How does Alexa use OAuth?

In part 3 of this series, we describe how an Alexa Skill can get an OAuth access token in the Skill Service. Having the OAuth access token is a prerequisite for calling an API later on.

So there are potentially a lot of new things to learn:

Step (2) of getting an OAuth access token is super technical. If you want to look me over the shoulder while doing this, check out this video on getting the Spotify OAuth token.

Step (5) dives into the details of Alexa OAuth with the account linking mechanism. If no OAuth access token is present, the Alexa Skill needs to log the Alexa end-user in on the OAuth authorization endpoint. This process is only available via GUI, so the Alexa Skill needs to direct the user to the screen of the device or of the Alexa App. The important part is the withLinkAccountCard() function, which calls the authorization URL specified in the Skill Interface configuration.

const Handler = {
handle(handlerInput) {
// get the access token from the context
var accessToken = handlerInput.
// no access token? need to trigger authorization
if (accessToken == undefined){
var speechText = "You need to link your Account."+
"Follow the instructions"+
"on the screen or in your Alexa App.";
return handlerInput.responseBuilder

When this handler returns, the user needs to sign in on the login page of the third-party (e.g. Spotify) in the Alexa companion App and consent to the data sharing. The technical complexity of the OAuth flow is hidden from the Skill developer, as the redirect endpoint is provided by Alexa and the token endpoint gets called automatically by Alexa with the correct parameters. As a result, we get the access token in the user object of the next request:


Check out the other posts in this series on Alexa Account Linking:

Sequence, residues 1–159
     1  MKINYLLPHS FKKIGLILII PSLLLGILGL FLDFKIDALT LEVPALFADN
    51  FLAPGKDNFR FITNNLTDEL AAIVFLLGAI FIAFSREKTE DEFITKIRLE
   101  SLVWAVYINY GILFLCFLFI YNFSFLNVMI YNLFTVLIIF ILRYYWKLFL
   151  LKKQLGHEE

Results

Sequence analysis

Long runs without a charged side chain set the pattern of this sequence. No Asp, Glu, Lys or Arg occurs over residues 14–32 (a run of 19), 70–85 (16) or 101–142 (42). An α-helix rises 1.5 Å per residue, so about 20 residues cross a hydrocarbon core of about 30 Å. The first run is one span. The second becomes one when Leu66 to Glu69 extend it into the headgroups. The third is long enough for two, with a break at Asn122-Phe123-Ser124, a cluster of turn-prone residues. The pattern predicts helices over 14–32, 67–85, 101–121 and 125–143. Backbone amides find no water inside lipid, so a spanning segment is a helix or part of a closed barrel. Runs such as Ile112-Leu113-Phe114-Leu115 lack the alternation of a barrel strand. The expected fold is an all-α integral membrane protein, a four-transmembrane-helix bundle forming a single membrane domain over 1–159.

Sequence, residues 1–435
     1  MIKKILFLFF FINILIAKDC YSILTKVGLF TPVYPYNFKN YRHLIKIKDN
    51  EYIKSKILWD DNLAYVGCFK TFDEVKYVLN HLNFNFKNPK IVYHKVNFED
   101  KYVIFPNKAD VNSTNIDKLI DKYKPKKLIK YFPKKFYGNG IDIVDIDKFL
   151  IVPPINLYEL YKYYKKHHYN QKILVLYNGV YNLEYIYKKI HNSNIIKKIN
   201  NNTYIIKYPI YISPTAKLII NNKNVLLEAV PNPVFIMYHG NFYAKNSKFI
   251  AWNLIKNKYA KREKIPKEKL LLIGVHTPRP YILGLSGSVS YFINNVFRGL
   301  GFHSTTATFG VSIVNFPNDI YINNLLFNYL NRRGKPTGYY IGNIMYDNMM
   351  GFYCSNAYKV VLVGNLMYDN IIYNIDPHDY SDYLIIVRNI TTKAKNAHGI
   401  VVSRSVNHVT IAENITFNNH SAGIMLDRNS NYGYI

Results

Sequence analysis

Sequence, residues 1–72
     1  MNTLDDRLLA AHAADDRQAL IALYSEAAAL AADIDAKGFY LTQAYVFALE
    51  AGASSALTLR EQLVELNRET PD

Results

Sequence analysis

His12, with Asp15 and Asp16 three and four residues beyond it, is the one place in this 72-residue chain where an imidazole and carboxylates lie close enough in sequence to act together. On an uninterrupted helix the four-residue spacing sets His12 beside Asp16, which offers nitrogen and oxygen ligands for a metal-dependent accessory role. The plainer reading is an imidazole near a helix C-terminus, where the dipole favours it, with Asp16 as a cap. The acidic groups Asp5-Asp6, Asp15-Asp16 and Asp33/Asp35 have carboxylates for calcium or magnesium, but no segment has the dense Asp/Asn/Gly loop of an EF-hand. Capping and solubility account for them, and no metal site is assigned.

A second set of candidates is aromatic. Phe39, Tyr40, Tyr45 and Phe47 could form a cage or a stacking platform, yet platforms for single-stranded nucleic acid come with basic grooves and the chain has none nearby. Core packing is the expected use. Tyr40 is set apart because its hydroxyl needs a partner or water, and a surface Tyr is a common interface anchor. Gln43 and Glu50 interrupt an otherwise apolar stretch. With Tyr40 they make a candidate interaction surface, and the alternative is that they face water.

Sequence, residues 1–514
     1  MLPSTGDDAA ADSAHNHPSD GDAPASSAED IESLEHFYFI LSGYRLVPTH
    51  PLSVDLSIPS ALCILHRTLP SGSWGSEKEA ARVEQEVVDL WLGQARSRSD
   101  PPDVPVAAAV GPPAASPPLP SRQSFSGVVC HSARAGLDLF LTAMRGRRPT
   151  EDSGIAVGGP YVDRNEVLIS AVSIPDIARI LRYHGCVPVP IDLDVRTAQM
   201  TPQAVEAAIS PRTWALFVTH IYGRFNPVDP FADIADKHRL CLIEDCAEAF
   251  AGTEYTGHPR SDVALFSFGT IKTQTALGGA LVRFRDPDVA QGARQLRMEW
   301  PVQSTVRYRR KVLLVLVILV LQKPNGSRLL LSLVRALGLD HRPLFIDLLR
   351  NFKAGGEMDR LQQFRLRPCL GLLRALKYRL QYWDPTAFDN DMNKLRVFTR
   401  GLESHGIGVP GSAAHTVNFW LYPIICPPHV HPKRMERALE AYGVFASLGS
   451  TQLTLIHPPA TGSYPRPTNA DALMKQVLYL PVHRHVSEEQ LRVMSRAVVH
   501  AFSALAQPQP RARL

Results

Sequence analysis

In my new book “Making Money with Alexa Skills – A Developer’s Guide” I describe not only how to develop, but also how to monetize Alexa Skills. Account linking is one of the possibilities for personalizing a Skill and make it unique – more practical approaches for personalizing Skills are described in the Alexa Book.

In the OAuth 2.0 book you can find a simple and understandable explanation of all the standard OAuth Flows (such as those supported by Alexa). What makes this book unique is that the complicated OAuth interactions are visualized as easy-to-understand Sequence Diagrams.

Part 3 of Alexa Account Linking: How Alexa uses OAuth?

Also published on Medium.

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Matthias Biehl

As API strategist, Matthias helps clients discover their opportunities for innovation with APIs & ecosystems and turn them into actionable digital strategies. Based on his experience in leading large-scale API initiatives in both business and technology roles, he shares best practices and provides both strategic and practical guidance. He has stayed a techie at heart and at some point, got a Ph.D. Matthias publishes a blog at, is the author of several books on APIs, and regularly speaks at technology conferences.